One month before Judge Chasanow denied leave to amend and while the individual plaintiffs' claims (which they assigned to Humane Society) remained pending, Humane Society filed this suit on June 10, 2016, [6] bringing claims under the 2007-2008 Policy and the Employed Lawyers Policy that are identical to the claims they sought to bring in Humane Society I. National Union moved to dismiss or stay the claims in this case based on res judicata and principles of comity. ECF No. 9. The parties fully briefed the motion, ECF Nos. 9-1, 10, 11, and then filed a consent motion to stay the case pending resolution of Humane Society I, ECF No. 15. I granted the consent motion, administratively closed the case, and struck the motion, without prejudice to reinstatement when the case reopened. ECF No. 16.

         In Humane Society I, the parties stipulated to the dismissal of the individual plaintiffs with prejudice, which the Court approved. ECF No. 110, 111. On August 2, 2017, the parties stipulated to the dismissal of the remaining claim and entry of judgment in National Union's favor. ECF No. 156. The Court approved the stipulation, ECF No. 157, and entered an order dismissing any remaining claims and closing the case, ECF No. 158.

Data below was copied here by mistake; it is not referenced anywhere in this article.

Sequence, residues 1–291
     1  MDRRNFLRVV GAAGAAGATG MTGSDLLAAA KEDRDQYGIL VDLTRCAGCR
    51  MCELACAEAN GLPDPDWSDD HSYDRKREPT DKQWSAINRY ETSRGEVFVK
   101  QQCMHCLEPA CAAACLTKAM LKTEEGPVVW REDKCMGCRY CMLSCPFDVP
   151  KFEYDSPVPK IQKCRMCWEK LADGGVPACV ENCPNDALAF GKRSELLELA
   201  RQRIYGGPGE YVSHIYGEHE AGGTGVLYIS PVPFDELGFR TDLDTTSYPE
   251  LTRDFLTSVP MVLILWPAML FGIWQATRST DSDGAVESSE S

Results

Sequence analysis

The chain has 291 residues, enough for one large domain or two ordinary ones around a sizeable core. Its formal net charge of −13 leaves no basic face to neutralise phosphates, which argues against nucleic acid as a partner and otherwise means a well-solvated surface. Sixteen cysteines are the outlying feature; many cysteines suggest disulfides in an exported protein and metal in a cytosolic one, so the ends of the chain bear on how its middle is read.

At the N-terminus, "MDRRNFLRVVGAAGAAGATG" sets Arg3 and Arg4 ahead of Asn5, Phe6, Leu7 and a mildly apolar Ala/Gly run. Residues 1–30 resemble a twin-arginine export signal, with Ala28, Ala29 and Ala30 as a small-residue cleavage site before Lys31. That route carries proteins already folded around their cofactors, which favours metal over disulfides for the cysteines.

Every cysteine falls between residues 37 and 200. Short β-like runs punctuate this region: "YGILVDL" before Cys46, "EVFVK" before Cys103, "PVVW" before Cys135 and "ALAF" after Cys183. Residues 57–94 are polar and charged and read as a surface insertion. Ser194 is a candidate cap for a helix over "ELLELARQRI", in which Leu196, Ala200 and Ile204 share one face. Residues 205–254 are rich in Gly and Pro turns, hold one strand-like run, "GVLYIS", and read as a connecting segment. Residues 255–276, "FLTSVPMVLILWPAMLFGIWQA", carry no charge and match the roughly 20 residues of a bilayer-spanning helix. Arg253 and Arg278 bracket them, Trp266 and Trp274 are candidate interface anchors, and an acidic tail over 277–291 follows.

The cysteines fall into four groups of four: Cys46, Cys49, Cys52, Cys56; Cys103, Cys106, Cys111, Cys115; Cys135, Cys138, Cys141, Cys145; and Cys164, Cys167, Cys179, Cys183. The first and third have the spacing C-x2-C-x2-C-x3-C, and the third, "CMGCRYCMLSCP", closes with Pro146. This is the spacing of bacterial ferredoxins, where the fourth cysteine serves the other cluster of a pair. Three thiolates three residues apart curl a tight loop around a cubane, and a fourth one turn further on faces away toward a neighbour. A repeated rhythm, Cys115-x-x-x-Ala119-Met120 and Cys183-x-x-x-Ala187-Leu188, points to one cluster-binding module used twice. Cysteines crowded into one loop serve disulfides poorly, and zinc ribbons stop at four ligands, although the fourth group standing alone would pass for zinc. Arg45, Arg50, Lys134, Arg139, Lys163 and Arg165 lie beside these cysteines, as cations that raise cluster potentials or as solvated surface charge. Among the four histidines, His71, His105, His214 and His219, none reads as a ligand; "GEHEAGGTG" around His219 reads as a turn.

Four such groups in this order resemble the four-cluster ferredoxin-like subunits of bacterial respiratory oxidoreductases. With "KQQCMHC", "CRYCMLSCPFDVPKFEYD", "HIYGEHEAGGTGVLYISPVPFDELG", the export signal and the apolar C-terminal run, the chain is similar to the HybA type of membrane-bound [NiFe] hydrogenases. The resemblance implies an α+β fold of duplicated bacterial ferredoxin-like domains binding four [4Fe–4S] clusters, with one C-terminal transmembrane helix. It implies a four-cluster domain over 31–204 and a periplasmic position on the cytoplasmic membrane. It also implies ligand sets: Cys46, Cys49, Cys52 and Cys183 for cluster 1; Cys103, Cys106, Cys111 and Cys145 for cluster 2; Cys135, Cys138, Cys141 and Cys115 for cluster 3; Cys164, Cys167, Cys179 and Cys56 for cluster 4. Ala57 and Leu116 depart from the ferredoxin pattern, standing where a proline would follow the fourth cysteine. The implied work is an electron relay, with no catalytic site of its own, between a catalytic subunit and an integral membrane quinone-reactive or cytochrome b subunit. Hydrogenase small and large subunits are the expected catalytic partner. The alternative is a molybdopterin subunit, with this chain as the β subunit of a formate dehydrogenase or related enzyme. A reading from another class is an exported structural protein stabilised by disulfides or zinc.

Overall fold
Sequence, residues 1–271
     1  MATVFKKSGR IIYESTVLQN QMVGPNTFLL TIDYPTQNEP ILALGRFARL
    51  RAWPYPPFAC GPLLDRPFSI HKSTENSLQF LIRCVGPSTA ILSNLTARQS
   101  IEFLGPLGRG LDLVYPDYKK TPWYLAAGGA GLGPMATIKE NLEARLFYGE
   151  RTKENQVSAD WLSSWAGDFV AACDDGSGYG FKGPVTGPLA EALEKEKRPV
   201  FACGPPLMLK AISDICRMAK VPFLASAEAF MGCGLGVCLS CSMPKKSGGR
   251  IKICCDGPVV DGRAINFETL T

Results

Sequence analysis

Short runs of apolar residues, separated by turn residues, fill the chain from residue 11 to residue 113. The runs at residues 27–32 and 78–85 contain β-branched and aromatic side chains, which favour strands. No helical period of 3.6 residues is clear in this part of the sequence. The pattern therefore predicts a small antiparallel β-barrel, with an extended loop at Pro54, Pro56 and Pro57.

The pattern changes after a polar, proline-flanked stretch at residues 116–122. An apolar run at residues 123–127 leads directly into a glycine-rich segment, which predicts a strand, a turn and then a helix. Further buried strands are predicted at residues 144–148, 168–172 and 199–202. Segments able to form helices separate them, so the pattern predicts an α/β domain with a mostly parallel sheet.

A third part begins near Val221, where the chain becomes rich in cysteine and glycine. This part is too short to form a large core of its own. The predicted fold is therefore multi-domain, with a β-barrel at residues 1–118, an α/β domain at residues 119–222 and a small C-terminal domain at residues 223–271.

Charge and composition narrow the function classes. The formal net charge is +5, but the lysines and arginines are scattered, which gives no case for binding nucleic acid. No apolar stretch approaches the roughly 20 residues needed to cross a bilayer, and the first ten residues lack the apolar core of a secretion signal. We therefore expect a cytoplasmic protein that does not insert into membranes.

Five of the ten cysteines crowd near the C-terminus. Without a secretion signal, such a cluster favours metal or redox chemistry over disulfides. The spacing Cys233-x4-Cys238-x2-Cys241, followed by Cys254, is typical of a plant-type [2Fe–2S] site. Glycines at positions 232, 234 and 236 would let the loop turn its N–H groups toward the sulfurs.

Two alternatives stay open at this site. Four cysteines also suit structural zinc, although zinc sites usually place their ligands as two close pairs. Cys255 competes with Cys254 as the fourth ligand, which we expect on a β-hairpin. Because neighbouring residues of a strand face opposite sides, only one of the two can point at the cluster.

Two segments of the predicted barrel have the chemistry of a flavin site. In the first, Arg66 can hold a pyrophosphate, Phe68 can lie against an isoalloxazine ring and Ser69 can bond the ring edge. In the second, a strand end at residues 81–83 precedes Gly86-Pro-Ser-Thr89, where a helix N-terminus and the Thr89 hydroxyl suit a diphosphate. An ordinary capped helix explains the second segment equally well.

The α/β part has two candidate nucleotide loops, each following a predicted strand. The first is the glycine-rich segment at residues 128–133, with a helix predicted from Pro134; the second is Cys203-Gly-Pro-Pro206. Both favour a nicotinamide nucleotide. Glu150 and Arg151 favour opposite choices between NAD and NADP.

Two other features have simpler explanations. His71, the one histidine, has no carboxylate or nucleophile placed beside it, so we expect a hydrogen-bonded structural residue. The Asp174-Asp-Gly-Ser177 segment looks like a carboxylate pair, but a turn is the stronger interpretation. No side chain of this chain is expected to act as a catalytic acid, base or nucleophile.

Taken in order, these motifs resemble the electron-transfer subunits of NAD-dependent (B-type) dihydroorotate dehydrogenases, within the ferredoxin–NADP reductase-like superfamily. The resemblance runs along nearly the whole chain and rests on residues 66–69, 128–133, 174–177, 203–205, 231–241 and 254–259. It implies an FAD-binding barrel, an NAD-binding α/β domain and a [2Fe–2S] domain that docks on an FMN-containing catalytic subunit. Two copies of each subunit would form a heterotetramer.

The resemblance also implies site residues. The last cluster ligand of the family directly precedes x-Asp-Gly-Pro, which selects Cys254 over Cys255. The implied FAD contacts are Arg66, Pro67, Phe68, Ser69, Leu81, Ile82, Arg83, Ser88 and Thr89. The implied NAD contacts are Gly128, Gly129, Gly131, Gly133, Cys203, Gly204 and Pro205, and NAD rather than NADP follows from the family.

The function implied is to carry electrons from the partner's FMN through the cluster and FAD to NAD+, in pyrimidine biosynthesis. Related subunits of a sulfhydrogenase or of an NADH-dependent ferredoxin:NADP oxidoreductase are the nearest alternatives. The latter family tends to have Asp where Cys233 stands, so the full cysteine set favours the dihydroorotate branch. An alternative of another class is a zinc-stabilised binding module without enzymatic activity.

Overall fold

The parties filed a status report, informing me of the dismissal and agreeing that it resolved Humane Society's claims in this case under the Employed Lawyers Policy, such that only the claims under the 2007-2008 Policy remain. Jt. Status Rep. 1-2, ECF No. 18. I reopened this case and reinstated National Union's motion to dismiss or stay. In light of the resolution of Humane Society I, insofar as National Union sought to stay the case or to dismiss the claims under the Employed Lawyers Policy, the motion is moot. With regard to dismissal of the claims under the 2007-2008 Policy, the motion is ripe for resolution, and a hearing is not necessary. See Loc. R. 105.6. Because res judicata bars the remaining claims, I will grant the motion and dismiss the claims.